Thursday, October 18, 2012


Yesterday, while Myladylove was having her cracked filling looked after at the dentist's, I adjourned the waiting room for a small park area nearby. I'd hoped to while away a half-hour or so making photos. 

As it turned out, there wasn't much autumn color. Many of the trees were already denuded of their leaves, while the hackberries and box elders were dull in thinning cloaks of greenish-yellow. 

There were a few asters around, and the ubiquitous poison ivy, but not much else—the one exception being several modest sycamores growing along the edge of a small pond. They looked great against the intensely blue sky. 

I mostly shot a  few small still lifes, which I'm always prone to anyway, no matter how spectacular the expansive view. 

This hasn't been the greatest autumn for color, and it seems like I've somehow—for one reason or another—missed the best of even those few peak days. 

Still, no fall slips away without delivering a measure of beauty—even if that beauty isn't quite all we expected. Each new passage is unique, an individual experience, and should be taken on its own terms. Just like with people. And I find there's always plenty to admire if you look carefully.

After all, isn't that what keeps our journeys 'round the year interesting?      


The Solitary Walker said...

Indeed, Grizz... Through the cracks the light gets in, as Leonard Cohen said, or something like it. I just adore the brilliance and longevity of aster blooms at this time of year.

Beauty is all the more lovely for being unexpected.

Grizz………… said...


That's exactly right. And I, too, really enjoy the asters—especially the big, bold, beautiful New Englands, which sport my favorite shade of purple. However, the other asters are lovely, too. We have at least four or five different ones now blooming hereabouts…plus the goldenrod is still hanging on in some places. Just a wonderful show against a tawny field, with a backdrop of multicolored autumn leaves and a sky so blue it's like the edge of the Gulf Stream.

Yes, yes! Unexpected beauty is all the more stunning by its surprise.

George said...

First. Grizz, I'm delighted to hear that your ankle has healed and that you are back to your normal, rambling self. I also take delight in these wonderful pictures of autumn at its finest. Every day is precious, especially these autumn days, and how blessed we are to be constantly reminded by nature that nothing remains the same. I'm sure you know that brief Frost poem:

Nature's first green is gold,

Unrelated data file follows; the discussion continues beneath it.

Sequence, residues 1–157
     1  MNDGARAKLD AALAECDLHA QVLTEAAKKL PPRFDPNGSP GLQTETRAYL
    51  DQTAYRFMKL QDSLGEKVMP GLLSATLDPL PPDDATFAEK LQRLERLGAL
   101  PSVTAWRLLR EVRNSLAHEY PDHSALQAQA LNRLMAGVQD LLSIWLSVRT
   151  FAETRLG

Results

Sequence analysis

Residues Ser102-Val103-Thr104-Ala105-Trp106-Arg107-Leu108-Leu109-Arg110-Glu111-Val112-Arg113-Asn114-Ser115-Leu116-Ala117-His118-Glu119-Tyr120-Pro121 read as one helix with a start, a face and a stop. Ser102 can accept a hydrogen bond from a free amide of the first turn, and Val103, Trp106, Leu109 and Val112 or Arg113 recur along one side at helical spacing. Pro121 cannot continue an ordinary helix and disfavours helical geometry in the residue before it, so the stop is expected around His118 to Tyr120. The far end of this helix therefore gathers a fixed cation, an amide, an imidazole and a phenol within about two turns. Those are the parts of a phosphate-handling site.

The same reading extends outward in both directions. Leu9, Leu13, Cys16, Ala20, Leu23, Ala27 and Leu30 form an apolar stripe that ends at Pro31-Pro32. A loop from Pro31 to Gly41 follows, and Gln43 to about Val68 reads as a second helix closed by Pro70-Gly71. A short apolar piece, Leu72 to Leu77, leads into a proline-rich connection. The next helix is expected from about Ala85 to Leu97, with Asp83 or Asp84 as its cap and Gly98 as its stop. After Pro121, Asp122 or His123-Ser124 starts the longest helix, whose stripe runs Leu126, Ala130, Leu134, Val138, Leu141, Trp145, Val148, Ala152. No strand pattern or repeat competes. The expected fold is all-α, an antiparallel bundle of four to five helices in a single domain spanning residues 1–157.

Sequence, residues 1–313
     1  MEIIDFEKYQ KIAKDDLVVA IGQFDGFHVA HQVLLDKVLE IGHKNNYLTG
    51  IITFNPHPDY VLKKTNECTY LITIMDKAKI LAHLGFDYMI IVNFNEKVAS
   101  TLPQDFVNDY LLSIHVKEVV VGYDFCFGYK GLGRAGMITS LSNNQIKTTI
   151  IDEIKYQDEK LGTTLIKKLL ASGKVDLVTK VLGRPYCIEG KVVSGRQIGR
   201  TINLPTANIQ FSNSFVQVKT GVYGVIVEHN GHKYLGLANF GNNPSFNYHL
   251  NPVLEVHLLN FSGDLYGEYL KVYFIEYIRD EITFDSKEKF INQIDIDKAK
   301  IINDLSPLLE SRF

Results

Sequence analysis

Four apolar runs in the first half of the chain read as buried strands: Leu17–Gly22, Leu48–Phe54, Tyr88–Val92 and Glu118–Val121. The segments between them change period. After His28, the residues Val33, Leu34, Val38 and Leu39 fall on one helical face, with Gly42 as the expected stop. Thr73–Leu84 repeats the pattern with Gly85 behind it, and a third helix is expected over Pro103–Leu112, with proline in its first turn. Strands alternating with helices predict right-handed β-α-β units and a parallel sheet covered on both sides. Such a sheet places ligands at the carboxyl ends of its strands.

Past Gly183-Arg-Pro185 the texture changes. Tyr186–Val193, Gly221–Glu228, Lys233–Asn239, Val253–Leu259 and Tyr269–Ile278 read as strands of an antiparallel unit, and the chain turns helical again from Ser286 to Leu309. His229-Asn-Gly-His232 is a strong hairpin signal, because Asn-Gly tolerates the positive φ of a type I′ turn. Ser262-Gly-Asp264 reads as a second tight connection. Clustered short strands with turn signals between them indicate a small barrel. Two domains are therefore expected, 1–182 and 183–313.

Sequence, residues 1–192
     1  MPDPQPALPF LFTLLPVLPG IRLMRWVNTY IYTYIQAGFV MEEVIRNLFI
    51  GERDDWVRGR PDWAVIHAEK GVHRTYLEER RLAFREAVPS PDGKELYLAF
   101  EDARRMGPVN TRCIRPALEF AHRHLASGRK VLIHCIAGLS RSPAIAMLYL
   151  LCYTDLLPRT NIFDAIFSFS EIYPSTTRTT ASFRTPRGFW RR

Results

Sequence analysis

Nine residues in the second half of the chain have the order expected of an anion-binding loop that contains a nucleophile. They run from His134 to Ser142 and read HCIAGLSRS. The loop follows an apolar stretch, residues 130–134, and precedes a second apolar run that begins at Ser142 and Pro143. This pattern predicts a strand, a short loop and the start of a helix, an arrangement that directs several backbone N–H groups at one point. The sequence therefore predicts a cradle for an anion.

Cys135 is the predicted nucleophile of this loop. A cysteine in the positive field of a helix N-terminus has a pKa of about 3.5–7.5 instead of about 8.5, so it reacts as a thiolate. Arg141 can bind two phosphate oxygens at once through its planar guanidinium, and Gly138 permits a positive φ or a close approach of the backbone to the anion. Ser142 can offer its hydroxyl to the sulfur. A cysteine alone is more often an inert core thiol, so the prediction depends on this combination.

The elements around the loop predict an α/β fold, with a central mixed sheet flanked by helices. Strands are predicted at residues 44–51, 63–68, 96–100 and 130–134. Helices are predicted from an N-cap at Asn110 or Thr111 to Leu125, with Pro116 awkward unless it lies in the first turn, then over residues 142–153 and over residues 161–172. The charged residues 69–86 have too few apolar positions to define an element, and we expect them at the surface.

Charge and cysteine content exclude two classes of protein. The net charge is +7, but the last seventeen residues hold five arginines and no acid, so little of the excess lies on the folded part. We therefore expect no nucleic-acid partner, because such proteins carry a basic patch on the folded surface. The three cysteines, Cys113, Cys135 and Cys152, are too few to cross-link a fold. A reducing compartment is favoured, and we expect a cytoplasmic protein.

Her hardest hue to hold.
Her early leaf's a flower;
But only so an hour.
Then leaf subsides to leaf,
So Eden sank to grief,
So dawn goes down to day.
Nothing gold can stay.

Grizz………… said...


Yup, ankle feels fine—as it did yesterday, and believe me, with all the running around we did, hours on end, if it's still okay today, I'm certainly healed.

I first encountered that Frost poem in my early twenties, maybe before; it remains one of my favorites of his and of the season because it so directly speaks, in just a few lines, to both nature and the heart of the human condition…a reminder that life's gold—coin or moment—is, for both, ultimately fleeting.

Jayne said...

It seems to be so gradual and then, BAM! Color is exploding about and it's hard to catch it before it's gone. :c)

Grizz………… said...


Yes, that's often the way it goes—and this year, I think I've already managed to miss out on all the best days. But for me, what invariably happens is that I think the peak has come and gone, and then a week later—surprise!—suddenly the best of the best color arrives. Frankly, I really don't understand how I can keep falling for the same misconception trap year after year, especially knowing I'm prone to it—but I do, which I guess proves I'm not as smart and preceptive as I think I am…and between you and me, I don't think all that highly of myself to begin with.

Anyway, get out there and enjoy. And keep a sharp lookout, the best may be yet to come.

The Weaver of Grass said...

Well said Grizz. Lovely colour, I think. Here it is especially colourful this Autumn, except that in our area of the UK there are very few berries, which means a sad winter for the fieldfares and redwings who are just arriving from Scandinavia.

Grizz………… said...


Yes, lovely color, indeed, though in only these few days the overall golds and yellows have become more tans and bronzes. I actually don't know how seed and berry production has been hereabouts in regards to wintering bird food—but it certainly must have been affected by the heat and drought of summer…I just don't know in which direction. Lots of berries on the honeysuckle, however.